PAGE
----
It doesn’t make any difference whether enterprise software is purchased or developed; project success can be elusive. So, what do we mean by “success”? Most people would say there are three parts to success, namely
- The project must be completed on time
- The project must be completed within budget
- The customer must be satisfied
I would argue that while these are important, they do not in and of themselves define a successful software project. The ultimate definition of success is whether the software meets the ROI that was used to justify the project in the first place. Of course, this means the ROI must be defined up front before the project starts. That is often not done, which means the project is at risk right from the get go.
Many companies and government organizations use consultants to develop or implement enterprise software. Far too many of these projects end up as failures, even when big name consulting companies undertake the work. Part of the problem is caused by the customer paying the consultant by milestones achieved, rather than by outcome.
For example, consider the case where Avantor Performance Materials sued IBM for a failed SAP implementation. In a Computerworld article by Chris Kanaracus, he quoted IBM as stating that they met their contractual obligations and delivered a solution that Avantor continues to use in its operations. This was clearly not so, with even the IBM contractors saying that the project was the worst SAP implementation they had ever seen. According to an article in The Morning Call, the suit was settled for an undisclosed amount the following year. This software disaster cost Avantor tens of millions of dollars, as well as damaging its reputation with its business partners and customers.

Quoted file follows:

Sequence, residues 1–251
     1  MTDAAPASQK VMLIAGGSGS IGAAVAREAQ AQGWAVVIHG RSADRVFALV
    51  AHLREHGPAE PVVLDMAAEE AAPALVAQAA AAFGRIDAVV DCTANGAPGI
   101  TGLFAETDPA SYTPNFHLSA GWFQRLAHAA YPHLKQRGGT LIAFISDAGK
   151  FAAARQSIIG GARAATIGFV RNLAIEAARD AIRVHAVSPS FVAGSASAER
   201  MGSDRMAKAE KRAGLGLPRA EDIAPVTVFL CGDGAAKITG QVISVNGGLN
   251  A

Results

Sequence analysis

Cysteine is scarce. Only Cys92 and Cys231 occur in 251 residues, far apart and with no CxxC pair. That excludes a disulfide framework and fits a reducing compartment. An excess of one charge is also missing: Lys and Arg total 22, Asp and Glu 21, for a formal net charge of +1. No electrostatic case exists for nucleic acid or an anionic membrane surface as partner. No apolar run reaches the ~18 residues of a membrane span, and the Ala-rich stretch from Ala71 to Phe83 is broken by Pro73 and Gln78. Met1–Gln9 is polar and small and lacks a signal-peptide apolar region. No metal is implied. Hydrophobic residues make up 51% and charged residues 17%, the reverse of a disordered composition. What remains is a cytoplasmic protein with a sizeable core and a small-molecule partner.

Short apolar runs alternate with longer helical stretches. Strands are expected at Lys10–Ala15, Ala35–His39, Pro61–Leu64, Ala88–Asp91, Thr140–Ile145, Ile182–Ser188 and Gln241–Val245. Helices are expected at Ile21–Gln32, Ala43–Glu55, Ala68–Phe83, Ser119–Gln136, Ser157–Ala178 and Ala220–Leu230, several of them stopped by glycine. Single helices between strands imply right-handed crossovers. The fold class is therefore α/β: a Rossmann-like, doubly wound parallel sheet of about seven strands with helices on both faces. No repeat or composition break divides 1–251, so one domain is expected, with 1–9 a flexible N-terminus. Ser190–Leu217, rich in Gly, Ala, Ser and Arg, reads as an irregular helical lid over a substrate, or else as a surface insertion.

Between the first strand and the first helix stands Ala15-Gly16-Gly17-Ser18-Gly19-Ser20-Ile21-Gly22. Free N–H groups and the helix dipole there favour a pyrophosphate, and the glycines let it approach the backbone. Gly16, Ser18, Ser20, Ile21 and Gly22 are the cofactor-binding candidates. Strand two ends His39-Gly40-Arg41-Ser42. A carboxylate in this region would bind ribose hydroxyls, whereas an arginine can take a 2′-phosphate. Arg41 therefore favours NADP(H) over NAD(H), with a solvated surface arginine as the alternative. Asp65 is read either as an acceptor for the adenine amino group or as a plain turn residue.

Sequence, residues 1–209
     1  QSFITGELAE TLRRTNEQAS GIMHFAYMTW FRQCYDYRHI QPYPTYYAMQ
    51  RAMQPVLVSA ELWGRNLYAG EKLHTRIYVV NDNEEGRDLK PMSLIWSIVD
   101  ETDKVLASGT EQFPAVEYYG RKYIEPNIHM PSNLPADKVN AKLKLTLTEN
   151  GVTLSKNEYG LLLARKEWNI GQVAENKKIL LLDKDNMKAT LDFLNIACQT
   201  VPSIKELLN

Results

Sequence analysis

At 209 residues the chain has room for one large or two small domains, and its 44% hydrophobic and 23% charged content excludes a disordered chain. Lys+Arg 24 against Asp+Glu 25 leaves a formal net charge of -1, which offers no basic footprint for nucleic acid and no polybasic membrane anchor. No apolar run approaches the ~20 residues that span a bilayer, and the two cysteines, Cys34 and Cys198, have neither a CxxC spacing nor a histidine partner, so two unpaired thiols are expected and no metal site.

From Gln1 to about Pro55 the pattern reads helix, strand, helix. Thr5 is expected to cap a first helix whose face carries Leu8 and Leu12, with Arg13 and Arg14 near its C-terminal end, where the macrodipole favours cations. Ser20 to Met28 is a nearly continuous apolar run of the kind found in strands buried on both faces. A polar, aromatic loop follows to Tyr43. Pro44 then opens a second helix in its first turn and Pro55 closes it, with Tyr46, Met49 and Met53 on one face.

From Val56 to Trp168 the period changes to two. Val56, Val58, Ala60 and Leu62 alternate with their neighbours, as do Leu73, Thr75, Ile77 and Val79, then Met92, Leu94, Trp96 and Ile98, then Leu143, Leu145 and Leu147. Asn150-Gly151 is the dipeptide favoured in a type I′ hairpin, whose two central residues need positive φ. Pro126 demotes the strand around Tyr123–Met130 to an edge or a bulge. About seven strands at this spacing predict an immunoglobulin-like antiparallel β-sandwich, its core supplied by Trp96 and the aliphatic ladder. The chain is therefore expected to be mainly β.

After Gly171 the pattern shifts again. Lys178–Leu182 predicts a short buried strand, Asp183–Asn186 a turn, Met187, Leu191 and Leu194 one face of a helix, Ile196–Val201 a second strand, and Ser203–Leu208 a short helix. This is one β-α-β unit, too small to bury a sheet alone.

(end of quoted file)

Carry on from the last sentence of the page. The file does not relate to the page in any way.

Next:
When the customer agrees to pay the consulting company by milestone instead of by outcome, they run the risk of being liable for payments even when the software does not work as expected. For example, a billing milestone may be the completion of specific system tests. The problem is that meeting this milestone does not necessarily achieve the desired business outcomes.
Another example is summed up in an article by Michael Krigsman: An IT failure unicorn: Endless 19-year project in Massachusetts. Here Deloitte was developing software for the Massachusetts Court System. Deloitte claimed success and stated, "We fully believe that the system is a success." They may well believe it, but they believe something that is not true. It is irrelevant what Deloitte believes, what matters is what the customer believes, and here the customer did not get the desired outcome.
In both cases, the projects were paid for tasks completed rather than outcomes. It also seems that the customers simply didn’t do their homework from the perspective of requirements. In the MassCourts project, the contract was very one sided, which strongly suggests that MassCourts was in over their heads from a contractual perspective.
It’s the oldest trick in the book for implementation consultants to focus on achieving milestones so they can get paid. However, the customer is interested in the outcome, the benefits that flow from using the system and not whether the implementation consultants have met milestones or not.
In 1999, David Dunning and Justin Kruger of Cornell University observed a cognitive bias that is now known as the Dunning–Kruger effect. This is where relatively unskilled people think their skills in an area are much greater than they actually are. The converse is that highly skilled individuals assume tasks that are easy for them are also easy for others. The two examples above (and many others – see Software Failures) strongly suggest that people who are purchasing enterprise software seriously overestimate their abilities to make the right decisions.
To sum up, software success is defined as meeting the ROI that was used to justify the project in the first place. To achieve that success, customers must realistically estimate their software selection abilities, and use external help where appropriate. The real difficulty is that many of the people who make these decisions have been in IT for years and “know their stuff”. The Dunning-Kruger effect suggests that their technical experience does not readily translate into successful enterprise software projects. In all cases, it is Caveat emptor, or let the buyer beware.
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